I read this book expecting a biography. While there are plenty of biographical elements to it, it is primarily a scholarly work. It presents a very detailed analysis to the sociological and psychological aspects of Gaye's life, their influence on his music, and the influence of his music on the sociology and psychology of his times. Dyson presents some very interesting arguments; the chapters about Gaye's struggle to reconcile his spirituality and his sexuality, as well as the discussion of the ...more
Brandon Archer
As a fan of Marvin Gaye' music, this book was pretty decent. There were some parts of the book that were a bit boring to me but overall this book gave a great overview of a talented and legendary yet deeply troubled musician. It explains about Marvin's strict religious upbringing at the hands of his father growing up in Washington D.C. and how it mentally affected him as he become a star of secular music. The book does great justice to the timeline of Marvin being a smooth new edition with Motow ...more
Jan 19, 2016 rated it really liked it  ·  review of another edition
"Mercy, Mercy Me grabs the reader's attention despite the fact that Elmore gives his audience no surprises. He reveals much of the ending at the beginning, but he does a good job of giving a psychosocial and spiritual basis for what motivates the characters. Mercy, Mercy Me has no one-dimensional, good or evil portrayals. Elmore also avoids the typical presto-spiritual resolutions that tend to plague much of today's Christian fiction. He does not attempt to solve every character's problem. And, ...more
Sheldon Jackson
Jun 23, 2008 rated it really liked it
Recommends it for: Anyone
I learned a lot about the artist Marvin Gaye. I was always a fan of his music, but after ready EMD I feel like I knew what went behind the music.

If one could imagine driving a car on a jagged road filled with potholes, yet feeling as though they are floating, you’ve captured the contrast in the rough subject matter of the lyrics and the soulfully smooth voice with which Marvin delivered them.
I love Marvin Gaye, I do not love efforts to psychoanalyze an artists work some 20 years after their death. His shooting death by his father was a suicidal act? And his "Proof" that him and Tammi Terell has a secret relationship is ludicrous.

Marvin, and myself as a reader, deserved significantly better than this.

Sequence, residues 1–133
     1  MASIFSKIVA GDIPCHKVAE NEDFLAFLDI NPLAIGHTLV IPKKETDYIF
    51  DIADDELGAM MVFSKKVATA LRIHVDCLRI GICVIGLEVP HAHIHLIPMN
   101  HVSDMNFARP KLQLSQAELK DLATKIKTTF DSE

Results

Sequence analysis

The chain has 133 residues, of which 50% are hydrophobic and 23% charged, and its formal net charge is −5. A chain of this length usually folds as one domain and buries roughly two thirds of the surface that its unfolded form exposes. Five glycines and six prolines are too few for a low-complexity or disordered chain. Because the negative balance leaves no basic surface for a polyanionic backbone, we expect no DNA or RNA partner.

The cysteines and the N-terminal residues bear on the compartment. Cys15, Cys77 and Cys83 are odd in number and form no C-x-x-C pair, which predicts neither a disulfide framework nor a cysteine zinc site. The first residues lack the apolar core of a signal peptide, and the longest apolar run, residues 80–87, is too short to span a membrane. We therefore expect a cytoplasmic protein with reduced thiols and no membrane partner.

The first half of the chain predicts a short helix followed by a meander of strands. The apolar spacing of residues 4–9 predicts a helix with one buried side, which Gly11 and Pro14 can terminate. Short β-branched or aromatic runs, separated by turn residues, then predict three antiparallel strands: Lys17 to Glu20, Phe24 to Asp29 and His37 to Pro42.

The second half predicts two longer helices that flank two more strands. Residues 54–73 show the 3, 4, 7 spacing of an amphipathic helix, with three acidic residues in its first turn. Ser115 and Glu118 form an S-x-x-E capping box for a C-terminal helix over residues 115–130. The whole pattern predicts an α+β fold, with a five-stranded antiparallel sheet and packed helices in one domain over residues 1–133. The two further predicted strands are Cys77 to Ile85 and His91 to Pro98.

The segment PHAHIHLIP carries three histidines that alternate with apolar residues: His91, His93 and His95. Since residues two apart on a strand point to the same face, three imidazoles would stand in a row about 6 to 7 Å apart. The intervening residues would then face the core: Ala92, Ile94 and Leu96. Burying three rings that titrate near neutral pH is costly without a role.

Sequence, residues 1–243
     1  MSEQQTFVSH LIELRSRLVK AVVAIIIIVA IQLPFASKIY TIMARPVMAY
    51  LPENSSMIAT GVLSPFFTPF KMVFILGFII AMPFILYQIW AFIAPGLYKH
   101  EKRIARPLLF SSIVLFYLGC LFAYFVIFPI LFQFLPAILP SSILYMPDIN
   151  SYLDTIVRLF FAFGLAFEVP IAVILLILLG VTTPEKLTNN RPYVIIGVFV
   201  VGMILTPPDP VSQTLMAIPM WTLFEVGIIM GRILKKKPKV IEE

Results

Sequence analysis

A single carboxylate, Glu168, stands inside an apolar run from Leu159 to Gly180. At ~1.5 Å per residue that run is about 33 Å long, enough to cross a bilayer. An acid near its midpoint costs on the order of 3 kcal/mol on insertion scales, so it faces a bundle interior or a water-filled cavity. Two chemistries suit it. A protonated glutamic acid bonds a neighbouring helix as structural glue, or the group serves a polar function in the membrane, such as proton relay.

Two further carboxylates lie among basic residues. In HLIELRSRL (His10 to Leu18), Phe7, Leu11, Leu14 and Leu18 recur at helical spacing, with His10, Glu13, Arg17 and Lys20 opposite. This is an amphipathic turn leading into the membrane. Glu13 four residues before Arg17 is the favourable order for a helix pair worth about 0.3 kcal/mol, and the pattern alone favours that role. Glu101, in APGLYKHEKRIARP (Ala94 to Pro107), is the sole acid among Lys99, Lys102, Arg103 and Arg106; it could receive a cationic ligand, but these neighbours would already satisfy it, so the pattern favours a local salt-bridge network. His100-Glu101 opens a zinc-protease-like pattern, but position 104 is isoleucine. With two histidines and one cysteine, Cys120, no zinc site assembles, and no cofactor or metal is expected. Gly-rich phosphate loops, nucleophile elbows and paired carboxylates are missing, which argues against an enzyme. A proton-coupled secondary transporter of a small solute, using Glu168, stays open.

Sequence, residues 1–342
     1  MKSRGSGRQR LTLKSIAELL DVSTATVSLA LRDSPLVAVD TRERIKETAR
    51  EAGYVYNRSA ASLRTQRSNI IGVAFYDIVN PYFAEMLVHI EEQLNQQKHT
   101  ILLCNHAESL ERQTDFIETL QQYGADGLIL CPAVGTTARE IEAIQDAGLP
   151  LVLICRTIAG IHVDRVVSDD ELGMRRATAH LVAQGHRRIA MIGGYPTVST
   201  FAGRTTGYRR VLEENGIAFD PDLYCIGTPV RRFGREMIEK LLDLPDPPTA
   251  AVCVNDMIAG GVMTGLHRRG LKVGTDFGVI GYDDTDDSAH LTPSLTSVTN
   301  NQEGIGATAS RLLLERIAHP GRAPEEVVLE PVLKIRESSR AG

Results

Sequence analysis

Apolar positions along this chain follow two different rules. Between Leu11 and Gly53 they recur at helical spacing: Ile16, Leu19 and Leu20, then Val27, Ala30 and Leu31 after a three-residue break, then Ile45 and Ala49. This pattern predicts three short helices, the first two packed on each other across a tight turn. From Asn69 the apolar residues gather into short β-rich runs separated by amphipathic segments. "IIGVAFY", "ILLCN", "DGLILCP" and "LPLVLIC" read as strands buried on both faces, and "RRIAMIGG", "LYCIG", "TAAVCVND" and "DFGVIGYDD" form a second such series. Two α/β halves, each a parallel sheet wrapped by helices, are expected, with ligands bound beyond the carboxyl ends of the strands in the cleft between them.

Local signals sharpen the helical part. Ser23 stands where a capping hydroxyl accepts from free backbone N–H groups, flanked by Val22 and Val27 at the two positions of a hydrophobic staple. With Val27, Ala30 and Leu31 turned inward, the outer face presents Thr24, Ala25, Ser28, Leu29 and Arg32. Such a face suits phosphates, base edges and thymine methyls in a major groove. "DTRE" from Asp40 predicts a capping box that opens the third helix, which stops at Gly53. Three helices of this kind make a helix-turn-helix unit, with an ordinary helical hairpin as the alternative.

Feb 13, 2008 rated it liked it
This book was a good chronicle of Marvin Gaye's music didn't get into his life before music as much as I would have liked and it didn't really go deep into his personal relationships like I would have liked. However, it did give a bit more insight into his life and trials. I have more respect for his music than I did before although I was already a fan. ...more
Ryan Wilson
Nov 10, 2011 rated it really liked it
Fascinating look into the life of Marvin Gaye and an in-depth analysis of his music. While Dyson meandered at times (finishing the book with a chapter on R. Kelly?), he does a good job of teasing out the personal meanings of Gaye's songs with regard to his challenging life. ...more
Jul 30, 2016 rated it liked it  ·  review of another edition
Mercy, Mercy Me is a dry book. It is good information, but presented in a droll way. I didn't care at all for the final chapter featuring R. Kelly. If you are a Marvin Gaye super fan you may want to read this, casual readers, you would be better served reading another Marvin Gaye biography. ...more
Jeremy Winter
Aug 23, 2011 rated it really liked it  ·  review of another edition
Shelves: music-biography
I picked this up toward the end of the summer, had to put it down when the school year started, then finished it over the holiday break.

Since I am a music nerd I loved the detailed info about the recording sessions, etc.
Lori White
Mar 17, 2010 rated it it was amazing
Diana Mafikovi
I wanted to know more about the troubled life of this trouble man. Unfortunately, this was one of the most boring biographies I have read. Disappointing.
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Michael Eric Dyson is an American academic, author, and radio host. He is a professor of sociology at Georgetown University.